The popular Scottish Colourist series of exhibitions concludes with a retrospective of one of the nation's most influential 20th century artists.
Charting the career of the Leith-born, largely self-taught artist, J.D. Fergusson who emerged as part of the Colourist group of painters alongside F.C.B. Cadell, S.J Peploe and G.L. Hunter.
Fergusson moved to Paris in 1907, persuading Peploe to join him shortly after in 1910. His years in the city were to have a huge influence on his style and technique, as he became assimilated with the latest developments in French painting being pioneered by Matisse and Derain.
When the First World War broke out, Fergusson was forced to move to London, where he joined his partner Margaret Morris and became a member of the Margaret Morris Club – an important gathering place for local artists, writers and composers.
In 1929, the couple returned to Paris before finally settling in Glasgow, where they helped galvanize the city's arts scene through a meeting and exhibiting society, the New Art Club, and its off-shoot, the New Scottish Group.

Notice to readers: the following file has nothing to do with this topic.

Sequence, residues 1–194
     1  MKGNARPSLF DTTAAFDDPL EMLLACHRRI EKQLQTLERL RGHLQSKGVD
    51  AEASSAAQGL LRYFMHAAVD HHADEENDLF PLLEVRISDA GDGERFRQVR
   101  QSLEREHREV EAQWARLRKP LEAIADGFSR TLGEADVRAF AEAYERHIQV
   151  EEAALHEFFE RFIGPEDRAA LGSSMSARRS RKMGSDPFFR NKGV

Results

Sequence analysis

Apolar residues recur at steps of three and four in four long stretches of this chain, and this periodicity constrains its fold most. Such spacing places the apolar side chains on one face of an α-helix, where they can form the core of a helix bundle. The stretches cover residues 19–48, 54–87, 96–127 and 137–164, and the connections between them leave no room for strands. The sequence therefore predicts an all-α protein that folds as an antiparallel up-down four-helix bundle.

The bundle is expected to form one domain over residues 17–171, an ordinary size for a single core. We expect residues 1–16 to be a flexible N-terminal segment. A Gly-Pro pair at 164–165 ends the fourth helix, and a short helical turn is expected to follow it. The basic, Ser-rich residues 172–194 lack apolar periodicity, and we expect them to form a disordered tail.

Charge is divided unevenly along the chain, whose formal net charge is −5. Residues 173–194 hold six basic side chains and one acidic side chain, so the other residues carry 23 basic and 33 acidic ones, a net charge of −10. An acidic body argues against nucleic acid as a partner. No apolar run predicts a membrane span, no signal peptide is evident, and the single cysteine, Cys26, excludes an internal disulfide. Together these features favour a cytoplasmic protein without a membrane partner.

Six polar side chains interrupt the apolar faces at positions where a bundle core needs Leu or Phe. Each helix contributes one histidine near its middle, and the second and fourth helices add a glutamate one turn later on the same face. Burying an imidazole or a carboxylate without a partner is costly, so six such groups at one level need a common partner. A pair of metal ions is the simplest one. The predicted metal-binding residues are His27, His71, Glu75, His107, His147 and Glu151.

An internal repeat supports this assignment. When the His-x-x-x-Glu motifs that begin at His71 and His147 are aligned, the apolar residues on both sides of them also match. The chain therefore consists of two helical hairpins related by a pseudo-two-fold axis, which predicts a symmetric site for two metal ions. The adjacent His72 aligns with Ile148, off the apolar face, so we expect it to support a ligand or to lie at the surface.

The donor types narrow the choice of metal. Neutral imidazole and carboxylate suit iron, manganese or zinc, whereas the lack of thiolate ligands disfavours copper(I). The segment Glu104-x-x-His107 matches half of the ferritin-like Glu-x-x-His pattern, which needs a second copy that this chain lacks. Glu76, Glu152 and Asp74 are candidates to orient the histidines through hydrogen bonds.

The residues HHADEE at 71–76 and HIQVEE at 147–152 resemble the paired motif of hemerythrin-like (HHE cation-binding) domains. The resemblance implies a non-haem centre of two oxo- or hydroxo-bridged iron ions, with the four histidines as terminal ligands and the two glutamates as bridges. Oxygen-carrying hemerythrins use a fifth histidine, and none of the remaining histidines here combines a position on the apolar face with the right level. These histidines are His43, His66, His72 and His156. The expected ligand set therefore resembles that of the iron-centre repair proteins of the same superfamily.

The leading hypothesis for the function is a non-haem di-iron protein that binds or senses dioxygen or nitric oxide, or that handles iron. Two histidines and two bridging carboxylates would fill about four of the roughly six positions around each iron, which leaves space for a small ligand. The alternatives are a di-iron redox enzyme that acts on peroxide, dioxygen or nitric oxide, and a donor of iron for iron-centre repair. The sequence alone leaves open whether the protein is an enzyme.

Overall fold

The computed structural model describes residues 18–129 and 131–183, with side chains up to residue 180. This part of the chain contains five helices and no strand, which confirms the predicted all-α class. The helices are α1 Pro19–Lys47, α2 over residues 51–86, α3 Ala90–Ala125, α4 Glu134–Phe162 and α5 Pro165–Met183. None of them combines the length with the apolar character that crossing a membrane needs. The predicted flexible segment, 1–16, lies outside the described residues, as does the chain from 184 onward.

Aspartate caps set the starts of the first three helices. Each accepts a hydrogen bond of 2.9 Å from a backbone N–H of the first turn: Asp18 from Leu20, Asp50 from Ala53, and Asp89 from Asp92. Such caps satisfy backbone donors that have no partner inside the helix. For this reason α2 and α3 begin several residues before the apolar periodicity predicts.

Throughout the 1950s the couple spent long periods in the south of France, where Morris set up creative dance summer schools and her students became among Fergusson's 'favourite models'.
Focusing on oils and sculptures, this overarching survey of the artist's career features loans from throughout the UK, including many from private collections which have rarely been shown before.